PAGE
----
The lack of coastal development and the sheer rugged beauty earned this 300-mile stretch of the Africa coast its name ``The Wild Coast".

Home to South Africa's second largest ethnic clan, the Xhosa, with the Pondo tribe in the northeastern section, this coastal stretch features a wide variety of fish and fishing conditions. The tribes had little effect on the marine resources of this coast for many years, other than shellfish.

However, recent times have seen over-exploitation of oyster, abalone and rock lobster populations by commercial operations. New legislation is in the pipeline to facilitate proper management of all marine resources in the Transkei, with special emphasis being placed on maintaining the tourist angler trade into the future.

Starting in the northeast corner and travelling down the coast, past the port city of East London to the Great Fish River, we notice a great abundance of estuaries, rarely more than five or six miles apart.

For the first hundred miles, the green rolling hills slope steeply from 300-400 feet down to the sea, interspersed with short stretches of sheer cliffs, sandy beaches and estuaries. At one beautiful spot near Msikaba, a waterfall pours down the cliff face straight into the sea.

From the central Transkei southward, the high green hills make way for heavily wooded sand dunes and long stretches of beach again broken by the estuaries, some of which only open to the sea for short periods in the rainy season. Nevertheless, they harbour many saltwater fish and prawns.

Several of the estuaries feature hotels which provide for visiting anglers, while others are accessible by means of four-wheel drive vehicles.The steep banks of the estuaries are heavily forested with indigenous trees which are home to an incredible variety of birds.

Boat fishing is an unforgettable experience for nature lovers with the cry of fish eagles, trumpeter hornbills and glimpses of the beautiful crimson-winged Knysna Lourie being the daily norm.

The warm Agulhas current (up to 26 degrees Centigrade in summer) sweeps down this entire coastline. Close to shore in the north, it tends to meander as it nears East London, sometimes close, sometimes 12 miles offshore depending on the prevailing winds.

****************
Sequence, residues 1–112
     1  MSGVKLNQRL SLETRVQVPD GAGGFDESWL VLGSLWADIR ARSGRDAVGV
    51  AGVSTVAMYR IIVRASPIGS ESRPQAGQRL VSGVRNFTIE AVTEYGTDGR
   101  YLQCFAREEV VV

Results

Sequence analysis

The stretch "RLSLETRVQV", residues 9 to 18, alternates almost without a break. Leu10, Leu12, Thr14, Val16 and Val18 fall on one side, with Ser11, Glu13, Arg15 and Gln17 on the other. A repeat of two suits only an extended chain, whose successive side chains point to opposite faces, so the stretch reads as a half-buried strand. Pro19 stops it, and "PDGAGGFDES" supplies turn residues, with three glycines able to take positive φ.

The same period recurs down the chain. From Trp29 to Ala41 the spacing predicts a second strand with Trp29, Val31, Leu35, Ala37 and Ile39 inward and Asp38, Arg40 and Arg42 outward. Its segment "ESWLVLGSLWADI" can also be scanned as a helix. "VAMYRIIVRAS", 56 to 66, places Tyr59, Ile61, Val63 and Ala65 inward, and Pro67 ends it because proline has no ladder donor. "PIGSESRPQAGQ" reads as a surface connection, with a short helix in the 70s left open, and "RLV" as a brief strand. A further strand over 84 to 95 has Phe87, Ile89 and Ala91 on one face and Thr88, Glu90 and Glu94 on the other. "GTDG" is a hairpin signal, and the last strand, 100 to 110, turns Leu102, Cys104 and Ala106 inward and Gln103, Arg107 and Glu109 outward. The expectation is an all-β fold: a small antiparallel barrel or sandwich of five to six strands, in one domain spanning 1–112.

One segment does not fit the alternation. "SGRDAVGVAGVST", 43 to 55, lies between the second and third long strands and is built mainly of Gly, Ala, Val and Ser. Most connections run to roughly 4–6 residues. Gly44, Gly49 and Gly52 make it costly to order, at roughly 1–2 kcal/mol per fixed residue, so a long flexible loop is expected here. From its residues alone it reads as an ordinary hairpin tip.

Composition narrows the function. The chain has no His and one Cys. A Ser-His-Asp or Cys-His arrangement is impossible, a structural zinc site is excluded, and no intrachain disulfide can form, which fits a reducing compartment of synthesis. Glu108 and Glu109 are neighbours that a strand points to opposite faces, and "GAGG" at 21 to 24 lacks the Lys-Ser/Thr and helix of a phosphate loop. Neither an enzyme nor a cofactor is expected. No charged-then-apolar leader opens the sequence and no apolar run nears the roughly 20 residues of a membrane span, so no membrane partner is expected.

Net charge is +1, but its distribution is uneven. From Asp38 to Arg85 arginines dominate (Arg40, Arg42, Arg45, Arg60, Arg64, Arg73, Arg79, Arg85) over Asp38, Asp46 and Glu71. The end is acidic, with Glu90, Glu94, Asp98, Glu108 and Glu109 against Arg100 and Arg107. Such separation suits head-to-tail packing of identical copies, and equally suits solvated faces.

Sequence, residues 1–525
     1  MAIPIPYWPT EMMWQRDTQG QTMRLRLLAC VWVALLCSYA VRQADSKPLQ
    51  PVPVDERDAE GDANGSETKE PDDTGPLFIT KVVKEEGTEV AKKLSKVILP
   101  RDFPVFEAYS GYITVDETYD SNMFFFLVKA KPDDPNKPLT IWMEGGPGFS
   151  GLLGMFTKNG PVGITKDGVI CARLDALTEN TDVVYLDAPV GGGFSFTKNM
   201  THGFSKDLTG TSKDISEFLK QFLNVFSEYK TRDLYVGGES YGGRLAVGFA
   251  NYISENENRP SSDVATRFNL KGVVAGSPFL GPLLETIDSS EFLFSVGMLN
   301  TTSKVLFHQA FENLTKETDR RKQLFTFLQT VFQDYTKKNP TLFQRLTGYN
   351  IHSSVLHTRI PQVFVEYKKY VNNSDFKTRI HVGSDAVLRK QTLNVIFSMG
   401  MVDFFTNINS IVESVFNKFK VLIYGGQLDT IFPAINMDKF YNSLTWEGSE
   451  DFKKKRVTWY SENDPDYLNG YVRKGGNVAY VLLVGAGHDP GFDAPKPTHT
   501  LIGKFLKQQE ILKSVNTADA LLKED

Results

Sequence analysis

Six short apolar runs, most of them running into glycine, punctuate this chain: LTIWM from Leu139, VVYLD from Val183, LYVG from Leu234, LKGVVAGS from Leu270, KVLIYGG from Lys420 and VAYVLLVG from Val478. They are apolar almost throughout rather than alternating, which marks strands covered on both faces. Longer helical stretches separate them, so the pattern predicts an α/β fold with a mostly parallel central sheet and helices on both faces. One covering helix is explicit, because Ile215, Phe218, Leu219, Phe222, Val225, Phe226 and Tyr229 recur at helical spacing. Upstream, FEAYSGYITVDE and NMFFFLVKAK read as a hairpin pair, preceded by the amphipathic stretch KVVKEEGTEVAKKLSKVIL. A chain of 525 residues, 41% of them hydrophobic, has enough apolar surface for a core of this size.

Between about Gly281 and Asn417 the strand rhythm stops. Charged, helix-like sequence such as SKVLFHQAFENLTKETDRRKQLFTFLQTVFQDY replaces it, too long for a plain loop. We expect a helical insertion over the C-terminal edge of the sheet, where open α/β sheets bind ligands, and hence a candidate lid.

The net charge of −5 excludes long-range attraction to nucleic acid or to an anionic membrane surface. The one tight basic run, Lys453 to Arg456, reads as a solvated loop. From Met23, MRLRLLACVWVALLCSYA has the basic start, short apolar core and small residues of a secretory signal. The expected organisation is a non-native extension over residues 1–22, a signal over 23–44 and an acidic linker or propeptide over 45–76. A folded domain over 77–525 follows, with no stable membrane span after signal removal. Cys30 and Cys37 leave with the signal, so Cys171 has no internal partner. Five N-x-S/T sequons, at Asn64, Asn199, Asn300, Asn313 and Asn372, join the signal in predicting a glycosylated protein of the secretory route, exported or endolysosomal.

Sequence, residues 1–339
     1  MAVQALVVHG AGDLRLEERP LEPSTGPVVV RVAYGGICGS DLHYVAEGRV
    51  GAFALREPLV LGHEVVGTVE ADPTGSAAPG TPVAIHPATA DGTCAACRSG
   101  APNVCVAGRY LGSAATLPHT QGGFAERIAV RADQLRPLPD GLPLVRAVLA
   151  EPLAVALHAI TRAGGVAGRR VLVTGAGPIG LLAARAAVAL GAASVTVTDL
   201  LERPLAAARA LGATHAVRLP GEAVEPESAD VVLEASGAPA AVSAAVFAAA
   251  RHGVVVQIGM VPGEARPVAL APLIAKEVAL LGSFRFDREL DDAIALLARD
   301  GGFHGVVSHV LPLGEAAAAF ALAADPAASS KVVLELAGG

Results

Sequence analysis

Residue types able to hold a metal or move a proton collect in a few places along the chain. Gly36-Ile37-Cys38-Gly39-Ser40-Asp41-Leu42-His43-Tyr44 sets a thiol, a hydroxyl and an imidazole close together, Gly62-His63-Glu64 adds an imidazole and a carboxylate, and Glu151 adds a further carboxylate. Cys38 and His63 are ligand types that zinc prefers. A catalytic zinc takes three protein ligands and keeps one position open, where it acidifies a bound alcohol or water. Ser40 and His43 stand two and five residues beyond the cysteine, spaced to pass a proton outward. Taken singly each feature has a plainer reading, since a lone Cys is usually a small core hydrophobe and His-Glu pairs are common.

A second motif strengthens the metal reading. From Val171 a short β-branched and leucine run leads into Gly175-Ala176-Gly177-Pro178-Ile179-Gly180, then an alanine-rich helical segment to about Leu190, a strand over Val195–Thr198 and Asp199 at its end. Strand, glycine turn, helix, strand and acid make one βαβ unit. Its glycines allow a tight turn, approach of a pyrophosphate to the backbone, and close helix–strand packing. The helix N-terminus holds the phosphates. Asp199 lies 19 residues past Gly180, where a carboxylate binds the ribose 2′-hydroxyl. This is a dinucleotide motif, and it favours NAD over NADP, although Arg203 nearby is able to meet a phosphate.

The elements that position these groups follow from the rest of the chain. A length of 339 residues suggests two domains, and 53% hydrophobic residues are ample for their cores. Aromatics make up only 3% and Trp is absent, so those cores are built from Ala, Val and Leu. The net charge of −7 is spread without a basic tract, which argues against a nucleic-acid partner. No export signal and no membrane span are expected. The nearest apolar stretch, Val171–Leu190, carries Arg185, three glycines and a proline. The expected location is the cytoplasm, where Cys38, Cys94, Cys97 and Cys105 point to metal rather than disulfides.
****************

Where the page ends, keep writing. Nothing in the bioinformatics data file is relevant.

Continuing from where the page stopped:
At its strongest near the continental shelf, the current allows little sand and silt to settle, resulting in large areas of prime reef fishing.

The warm Agulhas current brings pelagic fish south almost year-round. Regular catches include black and striped marlin, yellowfin tuna, world record size kawakawa, skipjack tuna, king mackerel, queenfish, kingfish, dorado and wahoo.

A prime attraction for offshore reef fishermen on this entire 300-mile stretch is the giant endemic snapper-type fish called the red or copper steenbras which grows to 60 kgs (130 lb). The strict, management measures mentioned earlier will also be invoked to limit catches of these magnificent fish.

While their numbers have been seriously reduced, visiting and local anglers still have a good chance of success. A number of other reef species make bottom fishing attractive when the game fishing is slow.

With the exception of the East London harbour, all offshore boats launch through the surf from estuaries, semi-sheltered bays or open beaches.

The Agulhas current also provides the shore fishermen with a variety of warm water fish interspersed with cooler water fish when the current meanders offshore. Garrick are prized targets at some of the deeper water shore spots like Brazen Head, Poenskop, Mbolompo, Mazeppa Bay, the East London harbour breakwater and Cove Rock.

Tuna are sometimes taken from these ledges. Two marlin have also been hooked and lost. Yellowtail, elf and kob make up the bulk of the catches.

A variety of bream-like fish which make excellent table fare are still reasonably abundant, as are sharks and rays which, on a tag-and-release basis, make up the bulk of competition angling catches.

The estuarine fishing is good with kob (which grow to more than 100 pounds), spotted grunter, river snapper, garrick and small kingfish. A popular light-tackle fish is the tarpon's relative called skipjack which provides spectacular aerobatics when hooked.

This coast is very popular with South African anglers and a growing number of visitors are sampling its unspoiled beauty and variety of fish.

However, hiking the Wild Coast is most probably the only way of exploring the area in depth.

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